horoughly Louisiana and eastern Texas, in which Admiral Porter was called upon to cooperate with the naval forinto the fort at the head of his attacking column. Porter's orders to Phelps to push ahead were delayed by thas much lamented in the squadron. April 7th, Admiral Porter, on the Cricket, bearing his flag, left Grand E were entirely ignorant until a courier reached Admiral Porter from General Banks stating that the army was fahter west of the Mississippi. Of this action Admiral Porter, in his Naval history of the civil War, writes eet until the 25th of April, when they attacked Admiral Porter in the light-draught gunboat Cricket. At this nemy and the snags and sand bars of the river. Admiral Porter was called to Alexandria by the affairs of the of the admiral. When the pilot was wounded, Admiral Porter piloted the vessel himself. See Mahan's The Guthe river as an obstruction. Of this action, Admiral Porter writes: The brave men in their light vessel
Robert Underwood Johnson, Clarence Clough Buell, Battles and Leaders of the Civil War. Volume 4., The Mississippi flotilla in the Red River expedition. (search)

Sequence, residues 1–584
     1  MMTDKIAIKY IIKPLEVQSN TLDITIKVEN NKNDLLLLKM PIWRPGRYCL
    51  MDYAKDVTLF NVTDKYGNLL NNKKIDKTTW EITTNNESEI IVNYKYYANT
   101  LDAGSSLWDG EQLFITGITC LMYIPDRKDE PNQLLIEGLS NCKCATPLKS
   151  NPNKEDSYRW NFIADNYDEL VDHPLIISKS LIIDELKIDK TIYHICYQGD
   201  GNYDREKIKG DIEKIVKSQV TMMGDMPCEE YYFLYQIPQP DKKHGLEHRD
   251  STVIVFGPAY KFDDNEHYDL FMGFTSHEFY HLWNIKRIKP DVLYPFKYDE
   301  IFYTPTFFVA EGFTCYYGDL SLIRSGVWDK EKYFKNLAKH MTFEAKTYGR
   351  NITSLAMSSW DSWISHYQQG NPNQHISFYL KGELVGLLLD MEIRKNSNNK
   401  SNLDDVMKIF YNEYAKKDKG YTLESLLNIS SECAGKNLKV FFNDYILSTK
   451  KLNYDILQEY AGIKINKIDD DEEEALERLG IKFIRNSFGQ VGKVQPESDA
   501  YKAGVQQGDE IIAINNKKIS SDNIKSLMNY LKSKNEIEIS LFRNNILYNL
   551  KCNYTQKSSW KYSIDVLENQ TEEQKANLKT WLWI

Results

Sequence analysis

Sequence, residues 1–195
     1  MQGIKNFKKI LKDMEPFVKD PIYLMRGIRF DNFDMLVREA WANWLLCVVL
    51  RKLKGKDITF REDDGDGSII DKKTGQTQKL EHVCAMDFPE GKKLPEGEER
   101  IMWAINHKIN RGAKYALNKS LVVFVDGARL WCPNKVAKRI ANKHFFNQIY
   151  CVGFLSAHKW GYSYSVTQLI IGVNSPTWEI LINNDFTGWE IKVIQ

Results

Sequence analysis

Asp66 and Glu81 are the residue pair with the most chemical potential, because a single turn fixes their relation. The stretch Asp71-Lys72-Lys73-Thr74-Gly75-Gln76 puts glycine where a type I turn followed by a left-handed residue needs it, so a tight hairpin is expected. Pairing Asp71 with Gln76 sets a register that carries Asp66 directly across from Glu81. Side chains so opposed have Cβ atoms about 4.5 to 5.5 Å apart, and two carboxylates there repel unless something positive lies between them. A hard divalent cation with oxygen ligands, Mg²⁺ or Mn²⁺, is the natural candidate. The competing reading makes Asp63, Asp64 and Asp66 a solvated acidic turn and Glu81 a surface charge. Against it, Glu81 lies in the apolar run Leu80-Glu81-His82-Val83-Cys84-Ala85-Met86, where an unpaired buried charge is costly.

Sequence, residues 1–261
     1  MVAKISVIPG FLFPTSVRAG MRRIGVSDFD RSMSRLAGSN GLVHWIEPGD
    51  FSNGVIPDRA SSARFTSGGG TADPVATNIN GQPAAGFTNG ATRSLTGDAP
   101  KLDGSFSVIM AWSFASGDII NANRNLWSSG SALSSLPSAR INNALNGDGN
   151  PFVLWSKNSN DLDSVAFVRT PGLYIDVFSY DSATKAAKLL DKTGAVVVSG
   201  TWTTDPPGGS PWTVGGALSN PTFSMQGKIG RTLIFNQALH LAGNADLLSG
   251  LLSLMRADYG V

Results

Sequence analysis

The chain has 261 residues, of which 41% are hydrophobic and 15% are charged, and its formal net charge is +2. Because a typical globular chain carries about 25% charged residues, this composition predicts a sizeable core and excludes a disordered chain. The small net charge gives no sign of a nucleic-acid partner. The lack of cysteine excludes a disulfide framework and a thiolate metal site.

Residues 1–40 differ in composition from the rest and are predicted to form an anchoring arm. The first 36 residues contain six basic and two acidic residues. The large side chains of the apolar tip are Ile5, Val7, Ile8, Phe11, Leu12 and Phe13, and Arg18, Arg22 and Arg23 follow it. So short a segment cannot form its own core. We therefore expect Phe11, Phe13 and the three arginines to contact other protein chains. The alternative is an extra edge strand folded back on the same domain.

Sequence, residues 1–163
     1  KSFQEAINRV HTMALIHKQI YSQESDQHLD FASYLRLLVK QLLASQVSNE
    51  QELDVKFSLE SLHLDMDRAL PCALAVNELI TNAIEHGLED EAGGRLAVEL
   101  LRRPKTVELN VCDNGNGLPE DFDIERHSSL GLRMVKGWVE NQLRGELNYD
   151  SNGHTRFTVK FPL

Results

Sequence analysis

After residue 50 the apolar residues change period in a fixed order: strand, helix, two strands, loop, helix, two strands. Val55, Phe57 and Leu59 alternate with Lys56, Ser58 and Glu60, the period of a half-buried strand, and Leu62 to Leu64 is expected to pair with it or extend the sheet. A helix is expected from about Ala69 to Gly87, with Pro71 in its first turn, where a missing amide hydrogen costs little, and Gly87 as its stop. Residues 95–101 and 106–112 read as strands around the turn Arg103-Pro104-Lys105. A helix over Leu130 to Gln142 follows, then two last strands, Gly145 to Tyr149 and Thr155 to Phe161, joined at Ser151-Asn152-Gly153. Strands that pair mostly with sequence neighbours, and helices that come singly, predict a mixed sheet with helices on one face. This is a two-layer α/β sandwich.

The Mississippi flotilla in the Red River expedition. Rear-Admiral David D. Porter, commanding. Iron-Clads. Essex, Com. Robert Townsend, 2 100-pounder Parrotts, 6 9-inch, 4 12-pounder howitzers. Benton, Lieut.-Com. James A. Greer, 2 100-pounder Parrotts, 8 9-inch, 2 50-pounder Dahlgren rifles, 4 32-pounders. Lafayette, Lieut.-Com. J. P. Foster, 2 11-inch, 2 9-inch, 2 100-pounder Parrotts, 2 24-pounder howitzers, 2 12-pounder howitzers. Choctaw, Lieut.-Com. F. M. Ramsay, 1 100-pounder Parrott, 3 9-inch, 2 30-pounder Parrotts, 2 12-pounder howitzers. Chillicothe, Act. V. Lieut. Joseph P. Couthouy, Lieut.-Com. Watson Smith (temporarily), 2 11-inch, 1 12-pounder. Ozark, Act. V. Lieut. George W. Brown, 2 11-inch, 1 12-pounder rifled howitzer. Louisville, Lieut.-Com. E. K. Owen, 1 100-pounder Parrott, 4 9-inch, 2 30-pounder Parrotts, 4 32-pounders. Carondelet, Lieut.-Com. J. G. Mitchell, 2 100-pounder Parrotts, 3 9-inch, 4 8-inch, 1 50-pounder rifle, 1 30-pounder rifle. Eastp
Robert Underwood Johnson, Clarence Clough Buell, Battles and Leaders of the Civil War. Volume 4., chapter 6.49 (search)